Size matters when it comes to skiing, and with 39 runs covering 64 hectares Marble Mountain is by far the largest ski area in Atlantic Canada. It also ranks fifth in Eastern Canada in terms of vertical, with the 519-metre drop outclassing anything in Ontario. But personality goes a long way too, and that’s where Marble really shines. Where else, for instance, can you trade your skis for a harness and zipline from the crest of thundering waterfalls to the bottom of a colossal gorge?
Where to stay: Steps from the slopes and five minutes by car from downtown Corner Brook, which just happens to be Canada’s snowiest city, the Marble Inn & Suites overlooks the rushing Humber River and includes a soothing saltwater spa and two cosy eateries.
Where to après: Marble’s gorgeous post-and-beam base lodge is home to the Knotty Pine Lounge, where a shot of screech is pretty much required before clipping onto the aforementioned zipline.
Photos courtesy of redresort.com (Ryan Flett and Ashley Voykin), Le Massif, Adam Bisby, Marmot, Sun Peaks, and Marble
Apex Mountain Resort, B.C.
A 30-minute drive from Penticton on the west side of winery-lined Okanagan Lake, Apex combines sunny skies with an average of 600 centimetres of snow each winter. Beginner and intermediate runs abound, with double-black chutes and glades testing the skills of even the most experienced skiers and riders. No skills are required for the resort’s undulating Tube Park, while a kilometre-long skating loop through a picturesque pine forest provides a leisurely option for anyone taking a break from the slopes. The 56 cross-country skiing trails, meanwhile, add to Apex’s active, outdoorsy vibe.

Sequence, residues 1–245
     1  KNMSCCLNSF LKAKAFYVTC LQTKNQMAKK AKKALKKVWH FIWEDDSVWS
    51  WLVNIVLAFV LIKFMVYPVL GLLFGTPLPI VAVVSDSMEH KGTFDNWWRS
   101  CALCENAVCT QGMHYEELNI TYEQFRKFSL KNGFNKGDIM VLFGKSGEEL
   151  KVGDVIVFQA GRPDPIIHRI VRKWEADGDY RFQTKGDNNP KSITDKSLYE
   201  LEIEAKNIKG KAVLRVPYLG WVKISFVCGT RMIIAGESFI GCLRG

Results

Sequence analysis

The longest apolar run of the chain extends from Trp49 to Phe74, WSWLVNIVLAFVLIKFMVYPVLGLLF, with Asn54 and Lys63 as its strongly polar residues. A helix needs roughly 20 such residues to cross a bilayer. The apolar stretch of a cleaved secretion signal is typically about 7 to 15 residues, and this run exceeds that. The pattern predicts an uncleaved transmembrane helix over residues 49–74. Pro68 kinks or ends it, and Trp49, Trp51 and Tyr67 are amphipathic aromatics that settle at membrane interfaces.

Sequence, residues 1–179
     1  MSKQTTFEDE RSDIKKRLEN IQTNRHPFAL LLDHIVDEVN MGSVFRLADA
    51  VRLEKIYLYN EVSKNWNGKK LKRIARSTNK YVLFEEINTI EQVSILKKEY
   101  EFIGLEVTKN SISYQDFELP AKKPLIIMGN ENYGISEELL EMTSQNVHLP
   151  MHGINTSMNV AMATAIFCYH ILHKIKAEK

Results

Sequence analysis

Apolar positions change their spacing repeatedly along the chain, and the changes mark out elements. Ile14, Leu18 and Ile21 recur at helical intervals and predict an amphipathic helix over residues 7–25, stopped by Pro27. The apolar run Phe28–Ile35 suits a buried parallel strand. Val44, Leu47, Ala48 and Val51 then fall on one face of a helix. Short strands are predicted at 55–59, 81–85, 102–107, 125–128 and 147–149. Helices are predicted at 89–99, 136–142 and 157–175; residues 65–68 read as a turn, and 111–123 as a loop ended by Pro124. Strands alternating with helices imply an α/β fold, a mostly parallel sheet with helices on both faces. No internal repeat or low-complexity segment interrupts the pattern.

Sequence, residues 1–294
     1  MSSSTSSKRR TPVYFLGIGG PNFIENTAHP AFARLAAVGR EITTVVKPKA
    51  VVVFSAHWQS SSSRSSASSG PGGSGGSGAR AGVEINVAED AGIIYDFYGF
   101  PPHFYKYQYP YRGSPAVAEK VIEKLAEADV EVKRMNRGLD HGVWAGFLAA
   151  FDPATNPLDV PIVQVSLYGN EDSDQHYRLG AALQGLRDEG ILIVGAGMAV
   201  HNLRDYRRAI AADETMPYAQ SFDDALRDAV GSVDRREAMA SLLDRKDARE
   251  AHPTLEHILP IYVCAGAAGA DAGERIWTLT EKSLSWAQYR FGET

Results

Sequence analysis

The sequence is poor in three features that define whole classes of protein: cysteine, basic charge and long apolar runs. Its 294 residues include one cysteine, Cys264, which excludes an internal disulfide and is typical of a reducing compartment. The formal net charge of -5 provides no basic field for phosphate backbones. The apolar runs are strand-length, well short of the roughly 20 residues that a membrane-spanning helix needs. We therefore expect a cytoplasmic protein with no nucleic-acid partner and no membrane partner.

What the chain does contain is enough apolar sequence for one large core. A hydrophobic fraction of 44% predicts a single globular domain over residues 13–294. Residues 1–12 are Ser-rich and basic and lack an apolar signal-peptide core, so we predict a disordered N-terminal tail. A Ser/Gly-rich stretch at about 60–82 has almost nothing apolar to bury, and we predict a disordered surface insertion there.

Where to stay: The resort’s boutique (and pet-friendly) namesake lodge offers 10 ski-in/ski-out rooms of varying configurations, along with a self-contained (and fireplace-equipped) four-bedroom suite.
Where to apres: Just when you think the two-level Gunbarrel Saloon is just another extremely lively ski bar, someone orders its trademark Gunbarrel Coffee and out comes a shotgun, the barrels of which guide flaming Grand Marnier into a sugar-rimmed goblet of coffee, brandy, and creme de cacao.
Pass privileges: Indy Pass holders receive two free days at Apex with no blackout dates.
Photos courtesy of redresort.com (Ryan Flett and Ashley Voykin), Le Massif, Adam Bisby, Marmot Basin, Sun Peaks, Marble, Apex, Panorama, Resorts of the Canadian Rockies, Owl’s Head, and Marriott Hotels & Resorts